So far, the most significant App Center disadvantage is that you can’t access the “device” to debug and inspect the results. If something goes wrong with the tests and reading logs is not enough, you have to apply to the App Center support — although it would be nice to get access to a URL and a port to connect to the device if something goes wrong, and maybe figure it out on our own. One of the popular services for automated testing on devices, BrowserStack, has this feature included in Appium.


Conveniently enough, all the application release processes, from Continuous Integration to Continuous Delivery, are now in one place: Microsoft App Center offers CI build, test, deploy to store, analytics, and crashlytics.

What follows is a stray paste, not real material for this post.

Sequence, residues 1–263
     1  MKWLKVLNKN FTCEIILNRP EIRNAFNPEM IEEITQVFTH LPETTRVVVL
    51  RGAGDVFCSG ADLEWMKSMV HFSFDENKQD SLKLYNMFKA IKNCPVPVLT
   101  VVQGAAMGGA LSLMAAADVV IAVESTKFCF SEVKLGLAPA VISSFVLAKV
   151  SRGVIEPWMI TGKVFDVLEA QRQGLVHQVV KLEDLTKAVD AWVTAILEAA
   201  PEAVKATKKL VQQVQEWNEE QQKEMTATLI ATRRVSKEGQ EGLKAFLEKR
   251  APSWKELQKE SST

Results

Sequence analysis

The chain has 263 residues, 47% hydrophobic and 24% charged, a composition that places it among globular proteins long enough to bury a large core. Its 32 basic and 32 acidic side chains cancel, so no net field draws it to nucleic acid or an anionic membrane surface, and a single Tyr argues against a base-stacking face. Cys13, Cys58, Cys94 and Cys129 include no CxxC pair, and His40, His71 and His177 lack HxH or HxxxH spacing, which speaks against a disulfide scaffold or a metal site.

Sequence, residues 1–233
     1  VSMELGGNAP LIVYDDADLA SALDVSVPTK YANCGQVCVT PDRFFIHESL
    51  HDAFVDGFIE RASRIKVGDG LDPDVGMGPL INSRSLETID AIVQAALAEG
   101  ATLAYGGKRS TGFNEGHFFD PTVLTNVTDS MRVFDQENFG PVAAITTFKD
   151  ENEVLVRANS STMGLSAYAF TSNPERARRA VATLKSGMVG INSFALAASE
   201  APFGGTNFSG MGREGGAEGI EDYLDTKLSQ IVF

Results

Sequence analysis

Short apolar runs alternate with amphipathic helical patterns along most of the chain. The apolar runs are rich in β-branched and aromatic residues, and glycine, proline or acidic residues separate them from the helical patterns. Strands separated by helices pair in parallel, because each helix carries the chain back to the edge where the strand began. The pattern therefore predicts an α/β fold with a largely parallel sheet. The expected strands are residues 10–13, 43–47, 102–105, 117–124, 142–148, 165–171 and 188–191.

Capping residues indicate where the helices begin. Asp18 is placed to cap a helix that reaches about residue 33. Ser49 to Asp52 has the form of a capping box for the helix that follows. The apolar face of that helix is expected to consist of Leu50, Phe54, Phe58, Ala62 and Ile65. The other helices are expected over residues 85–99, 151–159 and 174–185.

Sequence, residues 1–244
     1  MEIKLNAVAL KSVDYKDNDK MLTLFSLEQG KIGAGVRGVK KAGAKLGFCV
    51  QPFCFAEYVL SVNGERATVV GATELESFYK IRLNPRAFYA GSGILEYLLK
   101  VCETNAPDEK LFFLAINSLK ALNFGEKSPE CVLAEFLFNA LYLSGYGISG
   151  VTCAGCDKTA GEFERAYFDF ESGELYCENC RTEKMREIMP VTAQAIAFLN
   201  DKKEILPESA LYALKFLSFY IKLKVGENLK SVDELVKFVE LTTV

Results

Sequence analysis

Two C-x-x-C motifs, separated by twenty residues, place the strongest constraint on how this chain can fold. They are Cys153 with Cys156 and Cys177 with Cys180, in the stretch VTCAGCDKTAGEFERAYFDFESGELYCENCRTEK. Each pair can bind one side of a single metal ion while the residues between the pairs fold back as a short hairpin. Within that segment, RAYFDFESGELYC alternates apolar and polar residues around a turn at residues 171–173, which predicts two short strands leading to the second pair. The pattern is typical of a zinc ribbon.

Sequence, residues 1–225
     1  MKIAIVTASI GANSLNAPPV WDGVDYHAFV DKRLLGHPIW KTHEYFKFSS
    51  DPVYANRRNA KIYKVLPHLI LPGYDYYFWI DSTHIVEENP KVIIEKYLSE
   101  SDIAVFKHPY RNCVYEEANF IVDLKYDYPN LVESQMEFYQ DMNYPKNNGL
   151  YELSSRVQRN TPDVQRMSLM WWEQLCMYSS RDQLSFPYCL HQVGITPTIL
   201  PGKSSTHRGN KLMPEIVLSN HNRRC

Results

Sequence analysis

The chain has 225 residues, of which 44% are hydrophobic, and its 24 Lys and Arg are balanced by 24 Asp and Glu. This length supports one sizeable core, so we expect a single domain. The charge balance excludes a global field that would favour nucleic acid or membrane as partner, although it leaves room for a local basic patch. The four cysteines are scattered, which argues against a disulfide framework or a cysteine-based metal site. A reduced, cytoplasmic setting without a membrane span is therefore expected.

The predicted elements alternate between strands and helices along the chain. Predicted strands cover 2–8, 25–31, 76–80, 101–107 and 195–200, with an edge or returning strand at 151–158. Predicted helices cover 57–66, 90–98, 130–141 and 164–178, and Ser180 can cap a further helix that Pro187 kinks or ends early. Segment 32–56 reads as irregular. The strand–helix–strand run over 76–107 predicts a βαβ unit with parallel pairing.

Having tried less than half of the functions available in the App Center, our team was impressed. The most obvious advantage is that with App Center you don’t have to support each and every device with code. Other perks include:

  • No server needed for a swarm of devices

  • No hassle connecting all this swarm to the server

  • No dealing with Android glitches when it’s been running 24/7

  • No containerizing each device and managing those containers

  • Not being limited by emulators.

Microsoft App Center is a nice fit by initial parameters: while not being demanding in terms of integration, it provides all of the functions needed and spares the support routine. We are going to use it for real development tasks as it is a great tool to ensure quality.

from DZone Cloud Zone

Sharing is caring!

Comments are closed.